How to quickly and efficiently identify huge gene data sets to help coronavirus research
Thanks to the advancement of sequencing technology, it's possible to produce massive amounts of genome sequence data on various species. It's crucial to examine pan-genomic data—the entire set of genes possessed by all members of a particular species—particularly in areas like bacteria and virus research, investigation of drug resistance mechanisms and vaccine development. For example, why is the coronavirus resistant to common drugs? Can big data help to rapidly identify the characteristics of such novel virus strains? A group of researchers supported by the EU-funded PANGAIA project is now tackling this challenge by developing methods for comparing gigantic gene data sets.
As explained in a news release by PANGAIA project partner Bielefeld University, scientists often use a reference genome to see whether the genetic material of an organism shows particular variations. "They combine several genomes in such a way that they exhibit the typical characteristics of an entire species. This enables researchers to compare a new influenza virus with a reference genome that summarizes the typical features of the virus strains from which it originates."
Quoted in the same news release, Prof. Dr. Jens Stoye from Bielefeld University says: "In these cases, we compare only two genomes with each other—differences and similarities are relatively easy to identify on the computer." He adds: "With the new approach, we can compare one genome to thousands of other genomes in a single step." This process involves pan-genomics. "The new technology enables a simultaneous, integrated analysis of many strains of the same organism. These can be viruses, bacteria, and sometimes even higher organisms." Prof. Stoye continues: "This makes it possible to highlight the similarities and differences between the individual members. In the case of pathogens, it is often even possible to understand and predict the processes that led to the development of particularly infectious strains."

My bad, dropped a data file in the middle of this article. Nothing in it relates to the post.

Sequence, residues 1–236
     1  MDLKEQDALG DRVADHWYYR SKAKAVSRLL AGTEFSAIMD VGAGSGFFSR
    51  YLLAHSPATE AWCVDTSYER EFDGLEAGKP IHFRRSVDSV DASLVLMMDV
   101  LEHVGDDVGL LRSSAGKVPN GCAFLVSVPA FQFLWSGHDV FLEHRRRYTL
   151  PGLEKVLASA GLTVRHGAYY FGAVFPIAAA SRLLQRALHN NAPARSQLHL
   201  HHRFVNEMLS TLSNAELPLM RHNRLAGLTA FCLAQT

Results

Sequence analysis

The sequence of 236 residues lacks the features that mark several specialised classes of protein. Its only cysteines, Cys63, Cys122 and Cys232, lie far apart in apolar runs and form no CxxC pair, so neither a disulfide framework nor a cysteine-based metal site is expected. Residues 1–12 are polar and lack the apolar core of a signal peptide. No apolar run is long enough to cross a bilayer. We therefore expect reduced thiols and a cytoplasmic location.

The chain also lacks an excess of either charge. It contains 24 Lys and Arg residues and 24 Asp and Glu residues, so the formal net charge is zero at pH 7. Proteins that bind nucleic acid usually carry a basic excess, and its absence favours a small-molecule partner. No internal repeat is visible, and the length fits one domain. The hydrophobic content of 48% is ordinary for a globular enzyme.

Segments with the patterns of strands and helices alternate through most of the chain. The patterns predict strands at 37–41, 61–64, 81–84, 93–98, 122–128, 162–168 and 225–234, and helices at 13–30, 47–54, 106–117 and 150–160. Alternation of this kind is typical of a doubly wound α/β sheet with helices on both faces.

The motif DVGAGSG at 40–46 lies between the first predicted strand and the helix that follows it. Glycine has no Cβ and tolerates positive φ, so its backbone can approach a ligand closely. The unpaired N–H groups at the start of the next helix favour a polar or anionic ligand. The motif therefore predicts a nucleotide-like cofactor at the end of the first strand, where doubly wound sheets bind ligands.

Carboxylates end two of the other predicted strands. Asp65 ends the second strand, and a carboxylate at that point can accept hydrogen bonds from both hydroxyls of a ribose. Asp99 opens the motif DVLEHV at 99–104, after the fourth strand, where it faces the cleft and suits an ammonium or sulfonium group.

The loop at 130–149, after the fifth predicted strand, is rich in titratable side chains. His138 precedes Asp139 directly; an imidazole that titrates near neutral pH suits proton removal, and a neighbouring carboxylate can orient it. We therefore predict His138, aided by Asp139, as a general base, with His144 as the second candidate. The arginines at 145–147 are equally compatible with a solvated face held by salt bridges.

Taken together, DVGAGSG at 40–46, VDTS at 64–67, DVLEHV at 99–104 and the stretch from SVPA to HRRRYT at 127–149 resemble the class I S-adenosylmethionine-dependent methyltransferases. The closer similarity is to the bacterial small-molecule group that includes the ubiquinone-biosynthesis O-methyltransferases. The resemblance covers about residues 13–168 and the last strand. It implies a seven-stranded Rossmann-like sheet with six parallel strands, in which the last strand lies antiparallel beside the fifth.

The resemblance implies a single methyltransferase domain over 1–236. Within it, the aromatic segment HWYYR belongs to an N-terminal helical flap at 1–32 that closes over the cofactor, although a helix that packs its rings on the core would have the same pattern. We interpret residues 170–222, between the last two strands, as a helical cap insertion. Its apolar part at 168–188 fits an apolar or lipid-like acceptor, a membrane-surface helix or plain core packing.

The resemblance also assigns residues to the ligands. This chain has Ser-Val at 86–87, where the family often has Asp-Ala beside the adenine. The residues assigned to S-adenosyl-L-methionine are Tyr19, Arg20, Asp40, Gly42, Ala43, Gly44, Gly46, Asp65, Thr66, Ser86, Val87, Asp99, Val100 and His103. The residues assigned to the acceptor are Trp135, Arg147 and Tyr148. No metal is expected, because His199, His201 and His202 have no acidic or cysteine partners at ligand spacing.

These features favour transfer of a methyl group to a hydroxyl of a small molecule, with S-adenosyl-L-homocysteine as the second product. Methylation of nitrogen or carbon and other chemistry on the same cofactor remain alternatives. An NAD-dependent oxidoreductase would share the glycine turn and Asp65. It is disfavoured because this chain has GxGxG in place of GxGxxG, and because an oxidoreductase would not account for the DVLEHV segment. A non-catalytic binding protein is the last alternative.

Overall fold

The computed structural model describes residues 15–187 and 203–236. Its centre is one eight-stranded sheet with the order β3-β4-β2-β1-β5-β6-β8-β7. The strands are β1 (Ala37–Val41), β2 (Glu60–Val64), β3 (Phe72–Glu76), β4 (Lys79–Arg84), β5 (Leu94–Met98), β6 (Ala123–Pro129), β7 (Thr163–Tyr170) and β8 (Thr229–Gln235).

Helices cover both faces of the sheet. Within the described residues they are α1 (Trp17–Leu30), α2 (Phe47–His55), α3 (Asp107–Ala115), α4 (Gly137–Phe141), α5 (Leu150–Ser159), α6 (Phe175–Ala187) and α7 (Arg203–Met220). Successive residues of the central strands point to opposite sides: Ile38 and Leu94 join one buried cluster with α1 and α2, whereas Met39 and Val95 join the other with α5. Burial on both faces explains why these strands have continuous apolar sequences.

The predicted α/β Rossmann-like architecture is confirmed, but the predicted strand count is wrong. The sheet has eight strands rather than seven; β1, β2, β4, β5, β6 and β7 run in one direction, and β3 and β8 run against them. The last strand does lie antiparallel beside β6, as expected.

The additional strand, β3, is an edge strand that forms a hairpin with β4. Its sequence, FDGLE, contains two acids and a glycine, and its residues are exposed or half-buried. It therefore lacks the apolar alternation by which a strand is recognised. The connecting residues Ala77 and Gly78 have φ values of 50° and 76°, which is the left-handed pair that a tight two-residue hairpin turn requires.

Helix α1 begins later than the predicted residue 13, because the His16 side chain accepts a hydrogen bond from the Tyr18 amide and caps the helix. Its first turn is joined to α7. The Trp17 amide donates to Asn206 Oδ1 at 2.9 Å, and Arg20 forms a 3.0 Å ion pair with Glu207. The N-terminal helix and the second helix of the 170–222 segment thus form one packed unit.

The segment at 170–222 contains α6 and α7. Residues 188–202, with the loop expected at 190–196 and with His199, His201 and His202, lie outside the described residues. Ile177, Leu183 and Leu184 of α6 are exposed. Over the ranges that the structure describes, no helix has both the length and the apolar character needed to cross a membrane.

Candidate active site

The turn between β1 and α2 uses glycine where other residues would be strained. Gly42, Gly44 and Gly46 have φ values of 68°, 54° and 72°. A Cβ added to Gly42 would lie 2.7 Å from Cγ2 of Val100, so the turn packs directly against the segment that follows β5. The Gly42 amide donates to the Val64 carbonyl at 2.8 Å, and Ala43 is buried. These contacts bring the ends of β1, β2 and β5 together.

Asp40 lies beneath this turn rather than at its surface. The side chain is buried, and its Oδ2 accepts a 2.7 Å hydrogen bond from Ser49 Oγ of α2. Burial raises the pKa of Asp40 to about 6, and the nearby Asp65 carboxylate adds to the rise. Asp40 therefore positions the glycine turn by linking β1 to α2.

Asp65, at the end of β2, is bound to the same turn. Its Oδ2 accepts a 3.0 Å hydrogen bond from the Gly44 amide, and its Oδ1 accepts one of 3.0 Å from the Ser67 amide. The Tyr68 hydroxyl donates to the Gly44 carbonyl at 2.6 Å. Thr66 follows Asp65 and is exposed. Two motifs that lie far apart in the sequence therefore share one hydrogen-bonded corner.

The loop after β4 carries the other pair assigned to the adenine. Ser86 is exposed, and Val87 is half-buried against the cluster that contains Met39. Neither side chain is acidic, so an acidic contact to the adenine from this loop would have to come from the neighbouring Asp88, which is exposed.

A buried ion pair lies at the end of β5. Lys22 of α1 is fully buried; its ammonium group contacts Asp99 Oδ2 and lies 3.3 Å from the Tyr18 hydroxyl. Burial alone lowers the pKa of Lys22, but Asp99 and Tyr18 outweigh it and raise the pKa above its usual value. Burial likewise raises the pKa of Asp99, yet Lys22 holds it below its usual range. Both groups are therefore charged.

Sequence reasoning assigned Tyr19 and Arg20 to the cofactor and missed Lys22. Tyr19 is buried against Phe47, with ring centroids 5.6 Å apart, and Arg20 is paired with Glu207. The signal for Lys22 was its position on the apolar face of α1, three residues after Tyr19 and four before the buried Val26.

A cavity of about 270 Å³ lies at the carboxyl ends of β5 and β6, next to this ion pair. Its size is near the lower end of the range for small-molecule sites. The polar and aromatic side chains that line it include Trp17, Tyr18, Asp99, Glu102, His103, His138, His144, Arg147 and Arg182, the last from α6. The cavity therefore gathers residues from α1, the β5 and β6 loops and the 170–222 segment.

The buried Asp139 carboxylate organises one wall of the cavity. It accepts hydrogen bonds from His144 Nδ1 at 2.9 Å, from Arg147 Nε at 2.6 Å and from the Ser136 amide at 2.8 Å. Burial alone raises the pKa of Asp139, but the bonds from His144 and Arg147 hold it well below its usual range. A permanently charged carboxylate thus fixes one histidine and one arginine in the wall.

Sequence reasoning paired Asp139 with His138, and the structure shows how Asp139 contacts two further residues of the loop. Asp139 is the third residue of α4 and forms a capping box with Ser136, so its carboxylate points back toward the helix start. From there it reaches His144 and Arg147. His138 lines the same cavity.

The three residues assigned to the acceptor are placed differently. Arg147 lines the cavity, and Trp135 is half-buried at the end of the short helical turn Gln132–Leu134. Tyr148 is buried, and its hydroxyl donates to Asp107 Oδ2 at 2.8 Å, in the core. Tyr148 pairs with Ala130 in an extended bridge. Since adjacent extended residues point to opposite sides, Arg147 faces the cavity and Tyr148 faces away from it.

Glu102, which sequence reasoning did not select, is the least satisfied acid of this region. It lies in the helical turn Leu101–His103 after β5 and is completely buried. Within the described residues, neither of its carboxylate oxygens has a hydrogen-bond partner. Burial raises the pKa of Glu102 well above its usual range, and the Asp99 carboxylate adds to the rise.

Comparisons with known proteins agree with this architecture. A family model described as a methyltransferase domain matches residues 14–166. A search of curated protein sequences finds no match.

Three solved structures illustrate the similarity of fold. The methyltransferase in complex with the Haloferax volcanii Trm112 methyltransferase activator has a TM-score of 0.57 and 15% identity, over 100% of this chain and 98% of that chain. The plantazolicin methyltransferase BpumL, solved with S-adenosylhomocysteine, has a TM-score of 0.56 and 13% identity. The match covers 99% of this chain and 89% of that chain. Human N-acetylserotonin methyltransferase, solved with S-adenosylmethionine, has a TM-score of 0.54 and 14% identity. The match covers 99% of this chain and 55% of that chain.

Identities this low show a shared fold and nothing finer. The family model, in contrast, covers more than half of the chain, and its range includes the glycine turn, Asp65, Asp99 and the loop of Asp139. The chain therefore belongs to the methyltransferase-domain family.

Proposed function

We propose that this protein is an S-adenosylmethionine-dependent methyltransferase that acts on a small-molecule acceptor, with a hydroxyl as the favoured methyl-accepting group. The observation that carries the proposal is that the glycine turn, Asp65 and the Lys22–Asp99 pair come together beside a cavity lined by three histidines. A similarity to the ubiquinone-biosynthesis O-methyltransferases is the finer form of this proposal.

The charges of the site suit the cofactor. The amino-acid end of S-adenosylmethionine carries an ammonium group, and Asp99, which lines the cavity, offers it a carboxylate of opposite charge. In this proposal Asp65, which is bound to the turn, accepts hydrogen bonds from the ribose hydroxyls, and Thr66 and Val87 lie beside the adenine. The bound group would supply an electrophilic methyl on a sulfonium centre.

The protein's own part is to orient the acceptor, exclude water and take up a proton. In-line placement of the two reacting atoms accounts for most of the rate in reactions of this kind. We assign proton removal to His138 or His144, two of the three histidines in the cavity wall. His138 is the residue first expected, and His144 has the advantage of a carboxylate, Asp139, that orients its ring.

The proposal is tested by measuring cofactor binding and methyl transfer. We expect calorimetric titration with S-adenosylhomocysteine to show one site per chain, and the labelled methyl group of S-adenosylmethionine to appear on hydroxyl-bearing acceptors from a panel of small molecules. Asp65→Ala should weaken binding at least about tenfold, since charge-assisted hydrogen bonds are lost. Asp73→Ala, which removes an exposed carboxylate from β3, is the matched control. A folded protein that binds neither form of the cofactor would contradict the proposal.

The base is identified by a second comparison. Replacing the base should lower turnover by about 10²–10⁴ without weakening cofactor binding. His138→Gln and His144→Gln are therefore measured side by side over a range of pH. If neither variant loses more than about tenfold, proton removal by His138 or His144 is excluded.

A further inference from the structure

The new method can also be used to detect hereditary diseases in humans or to determine genetic abnormalities, according to the same news release. "Over the next few years, we want to develop new algorithms and data structures with our project partners that will make computer-assisted pangenomics faster and more user-friendly," says Prof. Dr. Alexander Schönhuth, also from Bielefeld University. The project team hopes to develop algorithms where computers search for similarities and differences between the comparative genomes and present the results by using variation graphs. These representations enable researchers "to identify completely novel mutations, such as those that have presumably occurred in the variant of the coronavirus" that broke out in China and which "led to resistance to the usual medications," as noted by Prof. Schönhuth.
The ongoing PANGAIA (Pan-genome Graph Algorithms and Data Integration) project will run until end-December 2023. It will focus on graph-based representations of large genome data sets and demonstrate their advantages over traditional sequence-based presentations of pan-genomic data. "In this project, we will put this shift of paradigms—from sequence to graph based representations of genomes—into full effect," as stated on CORDIS. "As a result, we can expect a wealth of practically relevant advantages, among which arrangement, analysis, compression, integration and exploitation of genome data are the most fundamental points."